For some reason, at quiet stops on my hitchhike down, I had been thinking about an old joke from my childhood. An odd joke it was, and so bad that I had eventually decided that it was actually a very early example of postmodernism. I tripped straight into it.
A boy and his mother go into a department store and the mother asks the shopkeeper if he has any monogrammed handkerchiefs for her son.
I scribed the letter M onto the palm of my left hand to be sure the girls weren’t wondering what monogrammed meant.
“Yes, certainly, madam, what letter?”
“Let me see.”
He pulls out some hankies but says, “Sorry, madam, we don’t have any S’s.”
“Ah, that’s OK,” she says. “Come on, son, we’ll try somewhere else.”
This being a fairly structured joke, the scene is repeated twice more in different shops. Gerry and the three girls were still with me and the one of them on the far right, who if not for her dreadlocks would have been quite pretty, was oscillating her head in a generally encouraging manner. I saw Paul grinning on the sideline, one hand cocked on his hip. I rejoined the action in the third shop.
The assistant searches and searches and eventually says, “Sorry, madam, I’ve looked everywhere and we don’t have any S’s.”
“Oh, well,” she says. “Come on, Shuie, we’ll try somewhere else.”
Paul immediately burst out a laugh and I joined him. I stood in mock acceptance of the crowd’s appreciation even though there was none. Written over their faces was the question, Was that it? But I had clearly stopped talking. I deliberately wore an idiotic smile.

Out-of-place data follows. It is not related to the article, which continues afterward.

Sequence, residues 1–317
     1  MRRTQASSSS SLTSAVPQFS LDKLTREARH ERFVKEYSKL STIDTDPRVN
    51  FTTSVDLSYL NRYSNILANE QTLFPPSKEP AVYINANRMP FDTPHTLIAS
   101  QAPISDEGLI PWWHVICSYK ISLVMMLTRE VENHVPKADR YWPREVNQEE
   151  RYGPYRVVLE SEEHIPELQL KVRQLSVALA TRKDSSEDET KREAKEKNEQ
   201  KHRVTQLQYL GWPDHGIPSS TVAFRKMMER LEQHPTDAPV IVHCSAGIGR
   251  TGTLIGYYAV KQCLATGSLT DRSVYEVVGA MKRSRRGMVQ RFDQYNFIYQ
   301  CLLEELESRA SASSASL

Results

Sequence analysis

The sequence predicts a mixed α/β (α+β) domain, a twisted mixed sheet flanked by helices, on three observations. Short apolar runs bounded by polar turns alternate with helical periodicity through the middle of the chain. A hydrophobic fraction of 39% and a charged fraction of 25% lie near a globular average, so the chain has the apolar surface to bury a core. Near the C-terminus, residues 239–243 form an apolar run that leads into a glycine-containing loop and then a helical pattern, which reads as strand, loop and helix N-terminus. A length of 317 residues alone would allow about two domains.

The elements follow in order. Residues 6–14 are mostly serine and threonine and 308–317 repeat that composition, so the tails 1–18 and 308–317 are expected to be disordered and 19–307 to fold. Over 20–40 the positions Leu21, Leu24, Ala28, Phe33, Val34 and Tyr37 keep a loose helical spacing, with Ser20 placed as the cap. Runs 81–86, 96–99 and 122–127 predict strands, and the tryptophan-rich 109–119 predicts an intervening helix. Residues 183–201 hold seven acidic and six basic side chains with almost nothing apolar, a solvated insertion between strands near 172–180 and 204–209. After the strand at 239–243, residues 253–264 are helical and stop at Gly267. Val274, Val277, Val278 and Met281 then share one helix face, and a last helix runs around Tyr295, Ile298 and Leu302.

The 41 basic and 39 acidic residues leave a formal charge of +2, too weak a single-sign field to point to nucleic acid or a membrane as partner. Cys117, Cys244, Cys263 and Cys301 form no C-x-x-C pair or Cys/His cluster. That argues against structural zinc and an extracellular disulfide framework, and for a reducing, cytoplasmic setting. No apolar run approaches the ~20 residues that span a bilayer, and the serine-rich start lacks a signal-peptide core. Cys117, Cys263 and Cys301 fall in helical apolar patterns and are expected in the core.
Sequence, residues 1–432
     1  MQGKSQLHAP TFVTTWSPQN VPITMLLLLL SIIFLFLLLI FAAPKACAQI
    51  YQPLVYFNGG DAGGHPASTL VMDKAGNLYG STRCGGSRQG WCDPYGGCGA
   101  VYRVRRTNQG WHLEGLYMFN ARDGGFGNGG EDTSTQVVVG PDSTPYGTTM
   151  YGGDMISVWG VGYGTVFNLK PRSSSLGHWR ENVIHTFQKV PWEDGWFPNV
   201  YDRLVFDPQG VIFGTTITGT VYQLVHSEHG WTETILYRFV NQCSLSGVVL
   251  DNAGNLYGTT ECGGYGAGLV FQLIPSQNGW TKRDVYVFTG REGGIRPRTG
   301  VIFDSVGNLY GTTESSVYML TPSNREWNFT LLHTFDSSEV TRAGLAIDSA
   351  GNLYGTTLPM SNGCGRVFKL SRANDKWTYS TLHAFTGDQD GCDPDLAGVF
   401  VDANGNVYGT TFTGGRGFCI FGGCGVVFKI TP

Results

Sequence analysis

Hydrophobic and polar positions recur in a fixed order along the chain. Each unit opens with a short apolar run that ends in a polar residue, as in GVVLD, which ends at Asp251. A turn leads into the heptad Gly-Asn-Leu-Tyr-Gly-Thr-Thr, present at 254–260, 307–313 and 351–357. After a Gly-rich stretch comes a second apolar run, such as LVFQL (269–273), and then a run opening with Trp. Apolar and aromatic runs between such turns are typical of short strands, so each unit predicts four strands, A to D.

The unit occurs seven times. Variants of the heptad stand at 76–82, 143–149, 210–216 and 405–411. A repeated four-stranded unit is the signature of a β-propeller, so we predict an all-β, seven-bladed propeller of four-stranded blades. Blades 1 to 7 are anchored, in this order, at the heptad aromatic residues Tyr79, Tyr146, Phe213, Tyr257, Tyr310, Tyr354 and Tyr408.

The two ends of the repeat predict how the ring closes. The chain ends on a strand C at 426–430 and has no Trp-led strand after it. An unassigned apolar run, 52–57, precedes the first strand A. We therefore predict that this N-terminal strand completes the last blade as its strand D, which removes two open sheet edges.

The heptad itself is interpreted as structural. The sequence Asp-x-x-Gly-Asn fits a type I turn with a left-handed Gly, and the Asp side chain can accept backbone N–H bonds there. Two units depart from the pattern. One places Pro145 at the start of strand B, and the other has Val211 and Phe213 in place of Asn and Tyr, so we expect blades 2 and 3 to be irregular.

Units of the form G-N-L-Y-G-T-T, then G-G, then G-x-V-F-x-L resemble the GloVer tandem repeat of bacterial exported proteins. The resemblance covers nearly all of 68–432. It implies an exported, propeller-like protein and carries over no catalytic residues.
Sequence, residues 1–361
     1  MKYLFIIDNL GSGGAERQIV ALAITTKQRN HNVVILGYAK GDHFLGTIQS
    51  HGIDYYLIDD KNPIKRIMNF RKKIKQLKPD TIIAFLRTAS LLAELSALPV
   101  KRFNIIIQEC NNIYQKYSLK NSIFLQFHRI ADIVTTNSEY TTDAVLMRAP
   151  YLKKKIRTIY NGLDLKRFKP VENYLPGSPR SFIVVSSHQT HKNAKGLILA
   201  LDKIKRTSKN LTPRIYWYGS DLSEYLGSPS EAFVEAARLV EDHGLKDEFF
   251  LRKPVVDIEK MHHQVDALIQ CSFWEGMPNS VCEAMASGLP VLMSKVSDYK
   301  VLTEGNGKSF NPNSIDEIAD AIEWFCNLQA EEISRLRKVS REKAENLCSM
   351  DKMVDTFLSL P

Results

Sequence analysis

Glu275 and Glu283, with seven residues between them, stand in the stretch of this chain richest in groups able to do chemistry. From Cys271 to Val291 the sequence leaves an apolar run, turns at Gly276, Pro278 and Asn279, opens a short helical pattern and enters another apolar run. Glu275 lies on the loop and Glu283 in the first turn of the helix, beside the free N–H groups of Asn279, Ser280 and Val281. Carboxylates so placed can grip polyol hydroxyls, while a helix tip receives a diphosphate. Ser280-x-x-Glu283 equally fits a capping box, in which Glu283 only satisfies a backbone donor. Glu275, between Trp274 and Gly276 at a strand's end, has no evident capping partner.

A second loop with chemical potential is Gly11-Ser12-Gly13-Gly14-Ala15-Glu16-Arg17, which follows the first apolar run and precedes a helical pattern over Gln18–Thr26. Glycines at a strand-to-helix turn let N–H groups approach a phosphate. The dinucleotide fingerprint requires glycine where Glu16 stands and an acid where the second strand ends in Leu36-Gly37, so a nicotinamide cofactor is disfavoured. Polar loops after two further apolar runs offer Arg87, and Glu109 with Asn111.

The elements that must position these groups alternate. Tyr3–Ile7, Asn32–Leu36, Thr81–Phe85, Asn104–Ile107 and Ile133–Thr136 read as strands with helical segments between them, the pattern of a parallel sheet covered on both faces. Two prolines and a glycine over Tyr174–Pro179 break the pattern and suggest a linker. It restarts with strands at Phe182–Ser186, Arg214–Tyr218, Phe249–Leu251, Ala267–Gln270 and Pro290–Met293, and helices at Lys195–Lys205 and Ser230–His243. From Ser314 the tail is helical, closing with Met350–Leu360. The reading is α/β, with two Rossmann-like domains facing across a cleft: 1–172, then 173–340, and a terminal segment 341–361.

You see, it’s the strangest joke. The thing is that Shuie was what some people in my hometown, Derry, called people whose name was Hugh. So if she calls her son Shuie, then the first letter isn’t S, it’s H. And the joke is that this woman was so stupid she didn’t know that it begins with H.
I looked expectantly at Gerry, who felt forced to join us in a laugh. The girls turned their inquisitive gaze towards him for an explanation. Gerry? Still making out I’d scored a blinder, I shouldered my rucksack, nodded c’mon to Paul, and with some aplomb said goodbye to the girls and Gerry.
We left Gerry to it and as we started away I heard him falter into an explanation. The funny thing was that Gerry didn’t grow up in Derry, he grew up in Strabane, which was 11 miles away. And in Strabane they just call Hugh Hugh.
Use me, will he? Paradoxically, it was nice to feel that I was worth using, and I strode off down the campground with new vim.
“Oi, come on,” Paul said.
Howard was waiting at the gate.
“Can’t believe I’m on my way to the Verdon Gorge.”
We got to the car and squeezed in the back seat.
“Take us to the crag, Showard,” demanded Paul.
He elbowed me hard in the arm.
“I haven’t heard that one in years,” he said.
Niall Grimes, “the Grimer,” is from Derry, Ireland, and lives in Sheffield, England. A frequent contributor to Rock and Ice, he is the coauthor with Jerry Moffatt of the memoir Revelations, grand prizewinner at the 2009 Banff Mountain Book Festival.